The British denied that they were invading Afghanistan, claiming they were merely supporting its legitimate Shuja government "against foreign interference and factious opposition."[2] It may have been the case that Britain was trying to install a pro-British leader in Afghanistan to prevent Russia from becoming the dominant power and threatening India's North-West Frontier.[6]

Invasion of Afghanistan by British-led Indian army

Main article: Battle of Ghazni

An army of 21,000 British and Indian troops under the command of John Keane, 1st Baron Keane (subsequently replaced by Sir Willoughby Cotton and then by William Elphinstone) set out from Punjab in December 1838. With them was William Hay Macnaghten, the former chief secretary of the Calcutta government, who had been selected as Britain's chief representative to Kabul. By late March 1839, the British forces had crossed the Bolan Pass, reached the Afghan city of Quetta, and begun their march to Kabul. They advanced through rough terrain, across deserts and 4,000-metre-high mountain passes, but made good progress and finally set up camps at Kandahar on 25 April 1839.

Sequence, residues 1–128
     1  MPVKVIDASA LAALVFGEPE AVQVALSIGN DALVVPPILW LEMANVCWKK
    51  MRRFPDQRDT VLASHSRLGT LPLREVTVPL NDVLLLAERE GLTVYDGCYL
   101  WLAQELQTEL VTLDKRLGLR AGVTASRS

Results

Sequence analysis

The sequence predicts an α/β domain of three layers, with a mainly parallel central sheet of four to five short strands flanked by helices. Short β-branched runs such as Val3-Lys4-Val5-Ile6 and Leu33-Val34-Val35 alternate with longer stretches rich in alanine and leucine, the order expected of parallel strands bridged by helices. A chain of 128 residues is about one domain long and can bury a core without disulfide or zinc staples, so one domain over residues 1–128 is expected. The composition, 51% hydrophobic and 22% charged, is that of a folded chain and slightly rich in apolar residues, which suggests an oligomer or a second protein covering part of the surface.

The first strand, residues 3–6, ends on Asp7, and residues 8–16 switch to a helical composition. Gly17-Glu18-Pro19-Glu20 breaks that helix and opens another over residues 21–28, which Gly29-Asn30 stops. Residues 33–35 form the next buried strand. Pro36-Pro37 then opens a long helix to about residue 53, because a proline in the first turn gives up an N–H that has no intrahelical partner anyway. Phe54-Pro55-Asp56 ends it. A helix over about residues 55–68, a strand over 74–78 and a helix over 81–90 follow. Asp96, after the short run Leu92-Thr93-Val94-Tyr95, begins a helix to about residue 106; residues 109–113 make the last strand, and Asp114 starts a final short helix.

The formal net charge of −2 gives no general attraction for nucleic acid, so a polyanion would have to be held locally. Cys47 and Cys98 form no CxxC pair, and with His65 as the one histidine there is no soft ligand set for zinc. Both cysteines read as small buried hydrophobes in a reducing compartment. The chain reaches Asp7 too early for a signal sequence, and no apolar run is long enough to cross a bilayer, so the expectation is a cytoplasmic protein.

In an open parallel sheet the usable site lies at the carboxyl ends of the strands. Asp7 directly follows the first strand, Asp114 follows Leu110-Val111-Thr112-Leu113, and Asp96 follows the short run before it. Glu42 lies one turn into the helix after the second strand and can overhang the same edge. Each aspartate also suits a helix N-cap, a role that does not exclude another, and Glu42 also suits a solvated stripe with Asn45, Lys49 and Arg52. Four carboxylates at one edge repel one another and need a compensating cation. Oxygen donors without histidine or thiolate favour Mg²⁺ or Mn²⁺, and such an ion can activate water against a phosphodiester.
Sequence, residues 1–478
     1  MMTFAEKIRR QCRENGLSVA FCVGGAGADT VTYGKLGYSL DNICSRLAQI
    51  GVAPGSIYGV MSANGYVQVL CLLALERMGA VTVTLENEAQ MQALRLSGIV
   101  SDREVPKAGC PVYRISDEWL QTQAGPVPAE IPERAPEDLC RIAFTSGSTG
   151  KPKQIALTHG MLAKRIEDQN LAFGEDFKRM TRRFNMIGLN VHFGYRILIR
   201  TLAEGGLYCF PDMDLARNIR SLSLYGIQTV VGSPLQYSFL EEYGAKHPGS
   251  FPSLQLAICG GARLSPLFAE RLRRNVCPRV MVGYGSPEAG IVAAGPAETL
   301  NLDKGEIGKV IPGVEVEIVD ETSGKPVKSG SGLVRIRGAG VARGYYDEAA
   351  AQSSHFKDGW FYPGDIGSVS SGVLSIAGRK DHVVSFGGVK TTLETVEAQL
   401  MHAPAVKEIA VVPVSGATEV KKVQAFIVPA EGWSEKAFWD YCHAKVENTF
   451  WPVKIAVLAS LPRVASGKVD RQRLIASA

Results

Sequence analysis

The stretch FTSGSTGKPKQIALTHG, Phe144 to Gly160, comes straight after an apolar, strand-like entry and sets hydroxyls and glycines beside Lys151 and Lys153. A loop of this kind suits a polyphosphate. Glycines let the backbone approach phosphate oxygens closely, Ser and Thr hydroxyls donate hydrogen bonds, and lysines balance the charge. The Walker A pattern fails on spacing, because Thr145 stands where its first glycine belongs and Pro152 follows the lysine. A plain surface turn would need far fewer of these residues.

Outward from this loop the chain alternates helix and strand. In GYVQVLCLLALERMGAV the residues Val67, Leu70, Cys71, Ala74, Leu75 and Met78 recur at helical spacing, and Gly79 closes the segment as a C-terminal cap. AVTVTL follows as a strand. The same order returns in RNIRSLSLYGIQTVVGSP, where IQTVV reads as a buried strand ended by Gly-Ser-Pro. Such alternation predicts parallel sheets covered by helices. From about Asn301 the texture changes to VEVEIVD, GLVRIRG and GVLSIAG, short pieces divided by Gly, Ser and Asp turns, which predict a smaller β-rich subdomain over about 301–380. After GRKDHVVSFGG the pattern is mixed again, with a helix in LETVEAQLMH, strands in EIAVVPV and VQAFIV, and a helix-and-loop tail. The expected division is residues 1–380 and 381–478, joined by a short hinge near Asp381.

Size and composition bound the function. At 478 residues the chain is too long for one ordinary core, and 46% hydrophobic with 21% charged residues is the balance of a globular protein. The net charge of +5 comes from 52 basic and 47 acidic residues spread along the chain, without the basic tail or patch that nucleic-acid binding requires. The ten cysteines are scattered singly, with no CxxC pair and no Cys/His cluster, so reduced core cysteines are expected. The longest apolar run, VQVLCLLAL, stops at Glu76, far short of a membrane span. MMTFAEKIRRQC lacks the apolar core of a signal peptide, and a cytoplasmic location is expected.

On 22 July 1839, in a surprise attack, the British-led forces captured the fortress of Ghazni, which overlooks a plain leading eastward into the Khyber Pakhtunkhwa. The British troops managed to blow up one city gate and marched into the city in a euphoric mood. In taking this fortress, they suffered 200 men killed and wounded, while the Afghans lost nearly 500 men. 1,600 Afghans were taken prisoner with an unknown number wounded. Ghazni was well supplied, which eased the further advance considerably.